Report: Data-driven marketing the norm as marketers aim for 1-to-1 customer connections

Latest Teradata and Forbes Insights report into global data-driven marketing practices shows marketing departments are increasingly controlling customer data

customer, customer engagement, customer data
customer, customer engagement, customer data

Data-driven marketing has doubled over the last 12 months as marketers increasingly make one-to-one customer engagement their top priority, a new report claims.

The Teradata 2015 Global Data-Driven Marketing Survey found data-driven marketing is either embedded or strategic for 78 per cent of marketing teams today, up from 34 per cent year-on-year. Just three per cent of respondents said data marketing was not on their radar.

According to the report, 43 per cent of marketers have fully integrated data across teams. Notably, an equal number said marketers now control more data than they did a year ago (43 per cent versus 32 per cent). Those marketers who do have direct access to their data were found to be further along in embedding a data-driven marketing solution into their regular processes.

Achieving a more accurate decision was the biggest benefit of using data for 67 per cent of respondents, followed by faster decision making (59 per cent) and attaining a better business result (57 per cent). Ninety-two per cent also agreed integrating data across teams can improve customer service.

The overwhelming reason for the data push is to achieve more targeted engagement with customers. Ninety per cent of those surveyed said making marketing individualised is a priority for their organisation, moving from just segmentation to personalisation on a one-to-one basis in real time.

The five top types of data used to information marketing strategy are customer satisfaction data (48 per cent), customer service data (46 per cent), data usage and behaviour (42 per cent), customer engagement data (42 per cent) and device data (42 per cent).

Eighty-three per cent of companies said they were also now able to take explicit action based on what they’ve learnt from gathered data.

The Teradata report was based on a survey of 1506 marketers and communication executives, VPs and directors conducted by Forbes Insights globally in 2014. It follows on from a similar survey done in mid-2013.

Related:First-of-its-kind report benchmarks global data-driven marketing efforts
Why data-driven marketing is driving the "geekification" of the CMO

Despite the data push, the Teradata report again reflected the significant hurdles marketers still face in utilising data for cross-channel customer engagement. It also showed the lack of maturity around data as a business asset.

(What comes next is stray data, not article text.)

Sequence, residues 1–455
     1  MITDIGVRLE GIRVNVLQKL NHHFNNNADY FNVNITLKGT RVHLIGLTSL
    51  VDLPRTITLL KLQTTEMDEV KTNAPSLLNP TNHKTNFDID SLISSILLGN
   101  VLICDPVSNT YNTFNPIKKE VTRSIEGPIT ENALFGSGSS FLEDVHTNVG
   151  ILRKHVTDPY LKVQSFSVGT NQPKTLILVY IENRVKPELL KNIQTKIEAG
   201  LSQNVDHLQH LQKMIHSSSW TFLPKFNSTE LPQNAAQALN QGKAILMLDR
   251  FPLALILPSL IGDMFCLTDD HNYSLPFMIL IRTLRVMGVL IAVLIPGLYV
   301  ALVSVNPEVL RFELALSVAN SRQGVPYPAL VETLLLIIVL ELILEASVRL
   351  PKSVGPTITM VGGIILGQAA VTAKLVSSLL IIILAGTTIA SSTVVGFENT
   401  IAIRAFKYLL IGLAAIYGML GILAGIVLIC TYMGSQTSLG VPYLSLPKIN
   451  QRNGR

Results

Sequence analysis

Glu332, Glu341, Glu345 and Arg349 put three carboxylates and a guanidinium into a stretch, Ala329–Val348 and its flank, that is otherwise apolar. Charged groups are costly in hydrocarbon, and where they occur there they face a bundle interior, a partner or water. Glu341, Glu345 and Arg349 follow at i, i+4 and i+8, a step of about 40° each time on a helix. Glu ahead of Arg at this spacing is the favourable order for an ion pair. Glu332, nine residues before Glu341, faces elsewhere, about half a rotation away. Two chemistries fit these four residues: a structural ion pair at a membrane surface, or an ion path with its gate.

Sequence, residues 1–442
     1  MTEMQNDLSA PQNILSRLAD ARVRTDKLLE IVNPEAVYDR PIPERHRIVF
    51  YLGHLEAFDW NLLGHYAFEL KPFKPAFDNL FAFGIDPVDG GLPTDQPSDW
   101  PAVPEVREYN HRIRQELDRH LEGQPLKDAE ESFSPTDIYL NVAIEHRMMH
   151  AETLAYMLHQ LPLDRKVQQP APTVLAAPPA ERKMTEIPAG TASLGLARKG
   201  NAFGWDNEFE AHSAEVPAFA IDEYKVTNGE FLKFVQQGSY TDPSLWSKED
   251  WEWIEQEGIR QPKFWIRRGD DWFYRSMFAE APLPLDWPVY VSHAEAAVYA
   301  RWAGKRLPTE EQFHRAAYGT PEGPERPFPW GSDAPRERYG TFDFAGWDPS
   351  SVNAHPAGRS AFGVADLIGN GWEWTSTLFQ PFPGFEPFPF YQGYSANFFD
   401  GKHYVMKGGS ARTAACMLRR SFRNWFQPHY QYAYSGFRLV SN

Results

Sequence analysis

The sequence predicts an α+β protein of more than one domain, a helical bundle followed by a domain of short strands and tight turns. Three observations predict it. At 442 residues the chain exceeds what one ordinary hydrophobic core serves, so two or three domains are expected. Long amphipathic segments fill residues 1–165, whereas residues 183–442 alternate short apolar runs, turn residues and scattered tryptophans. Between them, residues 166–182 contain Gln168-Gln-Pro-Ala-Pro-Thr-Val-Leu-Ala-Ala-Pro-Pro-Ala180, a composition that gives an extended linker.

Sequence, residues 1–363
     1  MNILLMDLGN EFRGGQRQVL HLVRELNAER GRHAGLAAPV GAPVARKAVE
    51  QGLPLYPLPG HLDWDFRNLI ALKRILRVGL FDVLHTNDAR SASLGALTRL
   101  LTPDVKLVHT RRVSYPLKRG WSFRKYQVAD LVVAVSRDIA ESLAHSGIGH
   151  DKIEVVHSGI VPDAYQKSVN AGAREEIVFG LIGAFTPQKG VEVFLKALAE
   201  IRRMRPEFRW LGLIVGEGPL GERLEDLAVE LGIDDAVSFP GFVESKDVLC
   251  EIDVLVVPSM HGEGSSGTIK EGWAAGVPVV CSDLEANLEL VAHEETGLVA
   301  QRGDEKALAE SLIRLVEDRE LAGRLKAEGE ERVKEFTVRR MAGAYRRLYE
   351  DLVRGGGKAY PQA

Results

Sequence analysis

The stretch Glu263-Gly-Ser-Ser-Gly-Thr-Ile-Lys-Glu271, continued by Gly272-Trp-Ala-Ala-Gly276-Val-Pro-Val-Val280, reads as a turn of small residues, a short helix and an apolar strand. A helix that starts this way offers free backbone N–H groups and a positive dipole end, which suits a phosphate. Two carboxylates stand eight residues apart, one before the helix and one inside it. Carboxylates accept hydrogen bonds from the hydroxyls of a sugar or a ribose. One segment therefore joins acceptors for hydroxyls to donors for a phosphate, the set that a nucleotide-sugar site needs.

For example, 50 per cent of respondents routinely apply data to engage with consumers, but 44 per cent admitted a lack of consistency in omni-channel marketing. More encouragingly, 83 per cent said they were taking an omni-channel approach to reaching customers.

In addition, 80 per cent said silos within the marketing function prevented them from knowing how campaigns are performing across different channels. And 87 per cent agreed data was the most underutilised asset in marketing organisations.

Other obstacles preventing marketing from becoming more data-driven are data security challenges (46 per cent), lack of funding (44 per cent), lack of consensus that data-driven marketing is important (36 per cent), lack of an appropriate CRM database (34 per cent) and lack of needed data within the department (29 per cent).

Another concern is that only 39 per cent of organisations are capturing significant business benefits from acting on customer data. More worryingly, just 3 per cent of executives consider proving the effectiveness of marketing to be their priority. That’s despite the fact that 45 per cent fully leverage data to measure ROI, and 41 per cent believe the use of data-driven insights would have the most benefit in better allocating budgets for marketing activities.

The good news is marketing and IT’s alignment was recognised as a pillar in better data utilisation. Eighty-four per cent of respondents agreed making marketing and IT strategic partners is vital, and 56 per cent said senior executives in these two teams collaborated ‘extremely well’ when it comes to sharing customer data.

“It is clear from these survey results that the future of marketing is all about meeting the expectations of the individual consumer,” Teradata Marketing Applications Australia area director, Simon Bowker, said.

“Today, more than anything else, marketers want access to trustworthy, individualised insights based on credible data, so the expectations of every customer can be known, respected and met on a personal level.”

Read more: Blueprint for IAB's digital audience measurement introduces daily reporting

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